Beware of the Powerball World Lottery scam
So you just received an instant message notification that you won the Powerball World Lottery. It says you have won $450,000 and a 2013 Nissan truck.
Don't send money to claim your prize. It's a scam that almost roped in one Palmerton gal.
Aletha Hoffman wants to alert everyone not to fall for the promise of riches.
It all started when she received a Facebook instant message from a friend telling Aletha that she received a message from the Facebook Powerball World Lottery that she had won and so did Aletha. Aletha saw her message which told her to contact Michael Barbara at firstname.lastname@example.org ... attention Michael Barbara.
Aletha contacted her friend who told her that in order to receive her winnings, she was to have mailed a certified check for $650 for the certificate to claim her prizes. She didn't have the $650 to send.
Aletha sent an email to Michael Barbara and was asked to give her address, her Yahoo email address and what her yearly earnings were.
"I gave all the information except the right amount of my yearly earnings," she said.
Then she received text messages. She responded that she would give the $650 check when they delivered the truck and the money. The text messages and contact with Aletha stopped.
"I almost got scammed," she says with relief.
Now she wants to alert everyone not to respond to these messages.
"I thought everything was on the level because the first message was from my friend. But I learned that my friend never sent that message to me. Someone's hacking into our Facebook accounts," she says.
She contacted the Better Business Bureau (1-877-382-4357) to report it. She also contacted her bank.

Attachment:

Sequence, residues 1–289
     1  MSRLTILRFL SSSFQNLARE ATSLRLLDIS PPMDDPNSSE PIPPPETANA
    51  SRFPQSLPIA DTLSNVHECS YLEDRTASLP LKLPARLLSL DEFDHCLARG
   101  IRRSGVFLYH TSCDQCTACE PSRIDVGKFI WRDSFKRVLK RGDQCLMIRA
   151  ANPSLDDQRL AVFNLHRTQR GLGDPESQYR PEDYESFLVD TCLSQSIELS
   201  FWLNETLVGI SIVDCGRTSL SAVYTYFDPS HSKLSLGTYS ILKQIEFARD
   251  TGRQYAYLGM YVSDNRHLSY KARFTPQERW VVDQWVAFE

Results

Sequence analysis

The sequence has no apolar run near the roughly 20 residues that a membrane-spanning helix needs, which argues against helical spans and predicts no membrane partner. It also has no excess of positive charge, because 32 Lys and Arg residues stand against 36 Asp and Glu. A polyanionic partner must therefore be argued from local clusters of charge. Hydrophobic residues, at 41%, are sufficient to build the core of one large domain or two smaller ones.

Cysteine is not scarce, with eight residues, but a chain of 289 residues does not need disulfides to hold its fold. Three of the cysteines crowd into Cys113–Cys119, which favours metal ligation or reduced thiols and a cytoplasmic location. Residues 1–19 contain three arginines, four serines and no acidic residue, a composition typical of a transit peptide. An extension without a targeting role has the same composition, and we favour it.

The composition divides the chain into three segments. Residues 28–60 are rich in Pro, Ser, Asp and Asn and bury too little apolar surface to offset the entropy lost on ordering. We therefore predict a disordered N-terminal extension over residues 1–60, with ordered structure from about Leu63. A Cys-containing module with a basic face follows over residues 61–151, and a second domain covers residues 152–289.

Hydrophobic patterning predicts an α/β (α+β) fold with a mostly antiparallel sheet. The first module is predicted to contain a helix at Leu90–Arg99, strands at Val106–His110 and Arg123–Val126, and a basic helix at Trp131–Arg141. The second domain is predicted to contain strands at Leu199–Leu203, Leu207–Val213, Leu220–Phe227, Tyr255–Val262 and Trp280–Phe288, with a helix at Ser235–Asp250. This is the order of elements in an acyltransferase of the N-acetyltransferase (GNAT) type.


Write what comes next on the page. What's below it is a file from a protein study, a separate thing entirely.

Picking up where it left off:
According to World Lottery.net, to avoid getting scammed, remember these golden rules:
• In order to win a jackpot for a lottery you must have bought a ticket for the drawing, matched all the numbers and have the ticket in your possession.
• Lottery officials will NEVER contact you directly to inform you of a win.
• Lottery officials do not have a record of who buys tickets and do not have player contact details.
Lottery scams are criminal operations which exist purely to dupe innocent people into either handing over cash or personal details, under the guise that they have won a large prize. Unfortunately, people have lost life savings because these scams.
If you receive contact stating you have won a prize for a lottery you did not play, there is no way you can have won.
Scammers will use many methods to contact their unwitting victims, and when they send a scam out they will send it to many potential victims at the same time.
Scammers will contact victims through the following methods:
• Direct Mail a letter in the post claiming you have won a jackpot.
• Email They will phish thousands of email accounts and send the same email shot to them.
• Telephone You can receive an actual telephone call, from a person or a recorded message.
• Mobile Telephone You can receive a text message sent to millions of numbers at random.
• Social Media Scammers send "direct messages" to thousands of easily accessible social profiles.
Remember, NEVER give out personal information such as passwords to anyone.
There are also lottery winner scams, where scammers will claim to be previous lottery winners. They claim that they want to "gift" you money.
This is completely untrue if a lottery winner does wish to give people financial assistance, they do so through a Trust which will accept applications. They will NEVER make direct contact to you in this way,
Scammers take two approaches. They will either explain you have "been selected" to win a prize, and then they will request a "handling fee" once you have made contact with them.
The other approach they take is more devious. They will ask you for your personal details instead including your name, address, telephone and email, and sometimes proof of identification in the form of passport or driving license numbers.
"I just don't want anybody to fall for this and lose their hard-earned money," says Aletha.